Old-time, hillbilly, mountain music. There are many names for this tradition, and each one means something different depending who you ask. But they all, in essence, describe the same thing: the thousands of traditional songs played by those we today might call the rural working class in the Appalachians and rural southeastern United States. Born of a fusion of English folk tunes and African rhythms and instruments, these songs are among the oldest American oral traditions, dating back to at least the early 1700s. Like the stories of Native Americans or the ancient Greeks, these songs were rarely recorded and rarely written down. They were personal and non-commercial, sung by farmers, miners, housewives, lumberjacks — not professional musicians, in other words. This was music of the common folk. Folk music, if you will.
We now have iPhones and Spotify to pass the time, Beyoncé and Bon Iver. But the impoverished families in the hills and hollers of rural Appalachia in the 18th and 19th centuries had no such option. So they made their own music: songs to sing while working in the fields or hanging laundry out to dry, to play while sitting in the living room at night. The songs were played on the banjo, or the fiddle, or the mandolin. If none of those were available, one might blow across a jug, or pick up a kazoo, or simply sing a cappella. When the time came, a father would teach his favorite songs to his child, or a neighbor would share a tune with a neighbor, and the music would propagate and carry on down the years.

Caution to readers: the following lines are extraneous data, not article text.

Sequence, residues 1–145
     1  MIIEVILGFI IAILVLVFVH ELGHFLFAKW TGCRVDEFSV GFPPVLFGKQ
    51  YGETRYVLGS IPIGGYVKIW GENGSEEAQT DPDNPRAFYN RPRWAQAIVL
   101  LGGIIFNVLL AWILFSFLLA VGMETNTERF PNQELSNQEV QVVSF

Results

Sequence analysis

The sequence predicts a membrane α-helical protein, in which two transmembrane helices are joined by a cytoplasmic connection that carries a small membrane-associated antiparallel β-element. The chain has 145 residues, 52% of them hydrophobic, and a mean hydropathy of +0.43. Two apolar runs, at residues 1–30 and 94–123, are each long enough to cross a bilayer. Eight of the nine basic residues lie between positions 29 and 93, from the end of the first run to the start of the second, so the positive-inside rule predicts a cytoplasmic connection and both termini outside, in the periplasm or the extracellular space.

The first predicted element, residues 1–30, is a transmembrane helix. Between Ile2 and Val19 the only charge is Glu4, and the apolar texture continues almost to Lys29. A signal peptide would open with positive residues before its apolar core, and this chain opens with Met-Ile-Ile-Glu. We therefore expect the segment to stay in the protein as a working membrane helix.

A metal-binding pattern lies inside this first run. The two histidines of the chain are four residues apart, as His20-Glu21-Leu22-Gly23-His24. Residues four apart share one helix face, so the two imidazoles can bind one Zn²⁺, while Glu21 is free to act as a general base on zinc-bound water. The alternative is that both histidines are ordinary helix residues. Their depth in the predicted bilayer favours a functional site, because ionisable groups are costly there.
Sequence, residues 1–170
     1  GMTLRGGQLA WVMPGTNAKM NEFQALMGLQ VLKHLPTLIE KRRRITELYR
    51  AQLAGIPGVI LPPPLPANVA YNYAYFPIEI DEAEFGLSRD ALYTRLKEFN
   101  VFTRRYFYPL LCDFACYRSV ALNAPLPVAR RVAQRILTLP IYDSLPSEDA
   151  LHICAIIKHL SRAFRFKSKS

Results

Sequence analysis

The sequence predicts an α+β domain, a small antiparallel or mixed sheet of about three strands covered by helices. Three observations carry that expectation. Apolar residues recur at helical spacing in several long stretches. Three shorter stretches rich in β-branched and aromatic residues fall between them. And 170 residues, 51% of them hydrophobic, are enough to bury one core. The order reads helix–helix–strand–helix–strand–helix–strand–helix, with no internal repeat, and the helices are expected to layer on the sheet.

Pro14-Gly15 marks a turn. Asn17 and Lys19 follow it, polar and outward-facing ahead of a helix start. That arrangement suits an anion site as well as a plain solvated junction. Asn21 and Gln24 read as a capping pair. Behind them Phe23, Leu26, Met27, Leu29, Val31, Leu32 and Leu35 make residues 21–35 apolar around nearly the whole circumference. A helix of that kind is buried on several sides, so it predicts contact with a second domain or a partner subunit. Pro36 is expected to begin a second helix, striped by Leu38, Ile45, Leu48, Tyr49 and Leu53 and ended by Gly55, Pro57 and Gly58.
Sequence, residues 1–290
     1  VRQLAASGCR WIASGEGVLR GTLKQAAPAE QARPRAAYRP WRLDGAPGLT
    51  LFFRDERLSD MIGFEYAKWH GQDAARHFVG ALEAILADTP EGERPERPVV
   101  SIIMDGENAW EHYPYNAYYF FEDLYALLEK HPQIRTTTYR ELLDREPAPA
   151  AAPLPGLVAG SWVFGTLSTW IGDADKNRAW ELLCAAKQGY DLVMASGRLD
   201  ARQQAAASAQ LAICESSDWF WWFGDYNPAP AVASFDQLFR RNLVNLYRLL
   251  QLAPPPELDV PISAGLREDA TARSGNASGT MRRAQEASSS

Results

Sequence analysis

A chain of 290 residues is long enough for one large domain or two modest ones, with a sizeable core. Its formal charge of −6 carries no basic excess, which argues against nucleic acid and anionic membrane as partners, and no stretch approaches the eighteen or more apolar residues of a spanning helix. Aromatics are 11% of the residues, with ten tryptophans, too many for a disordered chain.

You hear the term “homemade” a lot in relation to old-time — the great musicologist Alan Lomax fondly referred to the songs as “homemade hand-me-downs in words and music” — and it fits. Instruments were culled together from whatever material was lying around: spare lumber, tin cans, cake boxes. The strings on a banjo might come from horsehair; the heads from the skins of “cats, possums, raccoons, sheep, snakes, and other assorted creatures.”
And that’s not even mentioning the music, which just sounds rural: rough and rickety as a wooden cart. The songs are wild, propulsive, and often beautiful. But they’re frequently infused with loneliness and the hard details of mountain life, with narratives immortalizing local news, gossip, and politics. The lyrics report murders and suicides, courtships and marriages, bloody feuds and union strikes. There are songs about pegging shoes, hoeing crops, and building houses. “Last year was a very fine year for cotton, corn, and tomatoes,” one informs us. Some are kids’ songs, giddily nonsensical, full of talking bluebirds and old men combing their hair with wagon wheels. Others, somber and stern, tremble before the might of God. “O Death,” Dock Boggs sang on his most famous recording. “Can’t you spare me over ’til another year?”